In showing that Christians had been unjustly put to death, he relates that a married couple had both been guilty of incontinency; the woman, having been converted to the Christian Religion, used all her endeavours to withdraw her husband from his shameful practices; but he, instead of amending, accused her and one Ptolemy, who had been the means of her conversion, of being Christians. The Prefect, Urbicus, sentenced them to death; whereupon a certain Christian, named Lucius, exclaimed: "With what conscience, O Urbicus, dost thou condemn a man who hath been guilty of no crime?" Lucius, together with another Christian, received a similar sentence.

A very short time after the publication of this discourse, St. Justin was apprehended, together with six other Christians of his acquaintance, and brought before Rusticus, the Prefect of Rome, who exhorted him to obey the imperial edicts. The Saint replied: "No one can be reproved or condemned for obeying the precepts of our Saviour, Jesus Christ."

The Prefect asked him what kind of learning he professed. Justin answered that he had learned the doctrines of various sects, and had finally embraced Christianity, although it was despised by those who were led away by errors and false opinions. "Unhappy wretch!" exclaimed the prefect, "dost thou then delight in this discipline?" Justin answered: "Yes, because it teaches me the true doctrine." Rusticus: "Which is this doctrine?" Justin: "The true doctrine which we profess is to believe in one only God, the Creator of all things, visible and invisible, and to confess Jesus Christ, the Son of God, Who was foretold by the Prophets, the Preacher of salvation unto men, and the Master of those who happily observe the Divine precepts. But neither have I a tongue to express nor a mind to conceive anything worthy of His infinite dignity; for to do so should need the mind and the Spirit of the Prophets, who, inspired by God, foretold His coming."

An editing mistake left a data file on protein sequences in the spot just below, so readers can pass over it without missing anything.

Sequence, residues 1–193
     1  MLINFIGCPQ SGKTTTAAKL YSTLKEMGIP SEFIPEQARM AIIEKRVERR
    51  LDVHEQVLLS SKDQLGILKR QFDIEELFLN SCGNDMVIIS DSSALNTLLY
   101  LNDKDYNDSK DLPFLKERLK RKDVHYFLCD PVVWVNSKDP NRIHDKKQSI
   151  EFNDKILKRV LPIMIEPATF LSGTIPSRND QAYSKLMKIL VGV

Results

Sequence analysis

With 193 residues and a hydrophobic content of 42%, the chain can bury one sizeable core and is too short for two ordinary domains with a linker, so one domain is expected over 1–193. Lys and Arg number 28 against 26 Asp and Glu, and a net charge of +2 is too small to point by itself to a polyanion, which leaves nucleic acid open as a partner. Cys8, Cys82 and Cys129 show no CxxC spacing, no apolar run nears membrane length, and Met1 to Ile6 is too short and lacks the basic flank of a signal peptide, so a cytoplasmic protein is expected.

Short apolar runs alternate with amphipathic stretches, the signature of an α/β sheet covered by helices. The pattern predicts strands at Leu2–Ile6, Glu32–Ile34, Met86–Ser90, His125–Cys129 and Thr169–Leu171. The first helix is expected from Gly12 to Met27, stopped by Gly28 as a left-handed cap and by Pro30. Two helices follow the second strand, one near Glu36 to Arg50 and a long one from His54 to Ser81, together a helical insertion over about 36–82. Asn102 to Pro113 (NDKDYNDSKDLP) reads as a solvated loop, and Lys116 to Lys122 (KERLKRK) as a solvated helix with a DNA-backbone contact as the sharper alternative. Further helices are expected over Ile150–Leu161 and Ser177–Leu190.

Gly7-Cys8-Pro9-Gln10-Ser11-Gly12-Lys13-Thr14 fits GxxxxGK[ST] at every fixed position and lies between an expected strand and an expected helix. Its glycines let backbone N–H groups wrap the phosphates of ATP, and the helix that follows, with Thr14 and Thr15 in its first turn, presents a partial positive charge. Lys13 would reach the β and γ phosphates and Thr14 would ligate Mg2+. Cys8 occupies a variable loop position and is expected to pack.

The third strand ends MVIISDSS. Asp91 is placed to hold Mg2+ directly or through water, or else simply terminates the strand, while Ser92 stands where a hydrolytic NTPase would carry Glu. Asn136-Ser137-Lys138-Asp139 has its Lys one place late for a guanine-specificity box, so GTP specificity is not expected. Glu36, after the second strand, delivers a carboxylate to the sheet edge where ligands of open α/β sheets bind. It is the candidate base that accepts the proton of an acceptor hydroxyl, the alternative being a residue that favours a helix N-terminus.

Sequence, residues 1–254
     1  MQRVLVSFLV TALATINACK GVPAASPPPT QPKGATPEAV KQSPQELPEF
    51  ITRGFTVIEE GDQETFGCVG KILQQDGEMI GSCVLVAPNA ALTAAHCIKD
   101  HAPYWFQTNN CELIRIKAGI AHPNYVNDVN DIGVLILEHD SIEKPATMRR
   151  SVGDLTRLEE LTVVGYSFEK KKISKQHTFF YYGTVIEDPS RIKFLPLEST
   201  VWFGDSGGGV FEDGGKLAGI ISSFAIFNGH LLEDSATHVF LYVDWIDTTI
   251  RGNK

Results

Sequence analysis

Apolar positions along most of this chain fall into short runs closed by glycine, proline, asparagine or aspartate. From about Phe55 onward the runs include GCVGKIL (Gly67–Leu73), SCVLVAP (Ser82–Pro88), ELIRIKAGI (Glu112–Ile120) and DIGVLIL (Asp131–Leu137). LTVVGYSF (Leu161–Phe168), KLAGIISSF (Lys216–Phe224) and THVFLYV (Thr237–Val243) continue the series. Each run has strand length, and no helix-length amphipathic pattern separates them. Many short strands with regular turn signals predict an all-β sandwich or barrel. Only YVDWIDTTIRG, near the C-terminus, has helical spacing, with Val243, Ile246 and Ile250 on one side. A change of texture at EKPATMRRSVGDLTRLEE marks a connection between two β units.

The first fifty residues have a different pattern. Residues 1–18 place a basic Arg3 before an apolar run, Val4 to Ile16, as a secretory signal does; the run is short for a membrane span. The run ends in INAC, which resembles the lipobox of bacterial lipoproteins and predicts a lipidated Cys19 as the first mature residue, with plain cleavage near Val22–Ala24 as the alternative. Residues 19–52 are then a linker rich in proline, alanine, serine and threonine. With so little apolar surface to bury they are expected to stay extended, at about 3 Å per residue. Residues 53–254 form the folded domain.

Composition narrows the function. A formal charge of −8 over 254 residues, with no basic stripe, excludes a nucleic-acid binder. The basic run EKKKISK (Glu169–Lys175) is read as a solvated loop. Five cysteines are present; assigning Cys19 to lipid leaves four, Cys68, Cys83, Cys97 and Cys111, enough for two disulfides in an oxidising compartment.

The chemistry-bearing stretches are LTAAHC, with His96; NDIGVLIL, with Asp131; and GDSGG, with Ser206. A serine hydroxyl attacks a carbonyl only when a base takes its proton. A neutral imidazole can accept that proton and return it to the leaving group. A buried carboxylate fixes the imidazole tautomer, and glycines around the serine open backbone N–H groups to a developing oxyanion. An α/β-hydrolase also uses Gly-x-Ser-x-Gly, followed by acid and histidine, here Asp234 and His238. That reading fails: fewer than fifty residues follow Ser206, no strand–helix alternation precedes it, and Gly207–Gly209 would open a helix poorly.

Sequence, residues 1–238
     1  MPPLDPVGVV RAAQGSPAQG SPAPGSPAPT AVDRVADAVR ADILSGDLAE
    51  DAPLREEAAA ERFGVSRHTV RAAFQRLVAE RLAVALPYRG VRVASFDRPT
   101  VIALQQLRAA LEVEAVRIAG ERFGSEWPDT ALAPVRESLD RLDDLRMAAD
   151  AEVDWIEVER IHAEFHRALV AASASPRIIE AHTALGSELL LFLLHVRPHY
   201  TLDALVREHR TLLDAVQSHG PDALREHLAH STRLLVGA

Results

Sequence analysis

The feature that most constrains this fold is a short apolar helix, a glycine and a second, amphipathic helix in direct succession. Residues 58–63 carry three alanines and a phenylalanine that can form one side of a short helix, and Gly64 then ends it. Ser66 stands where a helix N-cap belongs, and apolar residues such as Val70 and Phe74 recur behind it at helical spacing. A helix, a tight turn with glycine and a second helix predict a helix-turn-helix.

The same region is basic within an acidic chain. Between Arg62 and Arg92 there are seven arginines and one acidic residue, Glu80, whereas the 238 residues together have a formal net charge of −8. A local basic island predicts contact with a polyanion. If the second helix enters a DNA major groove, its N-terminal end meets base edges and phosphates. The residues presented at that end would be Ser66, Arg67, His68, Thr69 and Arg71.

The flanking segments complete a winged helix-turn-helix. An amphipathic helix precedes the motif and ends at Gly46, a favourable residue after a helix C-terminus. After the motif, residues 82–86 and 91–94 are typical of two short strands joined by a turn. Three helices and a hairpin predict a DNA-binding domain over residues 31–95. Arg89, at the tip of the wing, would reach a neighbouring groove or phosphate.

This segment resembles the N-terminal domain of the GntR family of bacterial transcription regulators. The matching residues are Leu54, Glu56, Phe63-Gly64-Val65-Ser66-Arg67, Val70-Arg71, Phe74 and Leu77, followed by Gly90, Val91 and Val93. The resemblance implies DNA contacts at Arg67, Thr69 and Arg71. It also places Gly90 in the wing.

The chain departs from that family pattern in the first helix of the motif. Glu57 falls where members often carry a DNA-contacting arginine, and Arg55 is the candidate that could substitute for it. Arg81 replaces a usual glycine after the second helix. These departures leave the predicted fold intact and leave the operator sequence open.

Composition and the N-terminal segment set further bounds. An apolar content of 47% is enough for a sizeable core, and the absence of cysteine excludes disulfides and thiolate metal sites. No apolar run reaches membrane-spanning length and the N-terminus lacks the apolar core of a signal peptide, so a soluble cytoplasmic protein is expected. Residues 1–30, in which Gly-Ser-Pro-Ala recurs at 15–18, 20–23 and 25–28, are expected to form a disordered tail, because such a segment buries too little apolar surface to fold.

The Prefect asked him where the Christians were in the habit of assembling. Justin replied: "Where they please and where they can. Dost thou imagine, perchance, that we all assemble in the same place? The God of the Christians is not confined to a place; He is invisible, and fills both Heaven and earth; and is everywhere adored and praised by the faithful." "But I wish to know," rejoined Rusticus, "where thou and thy disciples assemble." The Saint answered: "As for myself, I dwell at the Timothean baths: this is the second time I have come to Rome, and I am scarcely acquainted with any other place in the city; and if any one should wish to seek me, I am ready to communicate to him the doctrines of truth." Rusticus: "Thou art then, a Christian?" Justin: "Yes; I am a Christian."

The Prefect then turned to St. Justin's companions, and interrogated them, one after another, concerning their Faith. They all confessed themselves Christians, and manifested a desire to die for Jesus Christ. Rusticus then said to Justin: "Tell me, thou who dost believe that thou hast the true wisdom, whether thou art persuaded that thou shalt ascend into Heaven, after I shall have caused thee to be scourged and beheaded." The Saint replied: "If I shall suffer these punishments, I hope to receive the reward which is prepared for those who observe the commandments of Christ." The Prefect asked: "Dost thou, then, really imagine that thou shalt ascend into Heaven?" "This I do not only imagine, but I know it," replied the Saint, "and am so fully assured of it that I entertain no doubt whatever."

Finally the Prefect, turning to all those Confessors of Jesus Christ, said to them: "Go ye together, and all sacrifice to the gods." Justin, answering for all, replied: "No man in his senses could abandon Religion to become a participator in impiety." The prefect hereupon threatened that their non-compliance would be followed by the most unrelenting tortures. Justin said: "There is nothing which we more earnestly desire than to endure torments for the love of our Lord Jesus Christ, and thus attain unto salvation; for this it is that will enable us to present ourselves with confidence at the tribunal of that Judge before Whom all the world must necessarily appear." To this the other Martyrs assented, adding: "Do quickly what thou art about. We are Christians, and will never sacrifice to idols."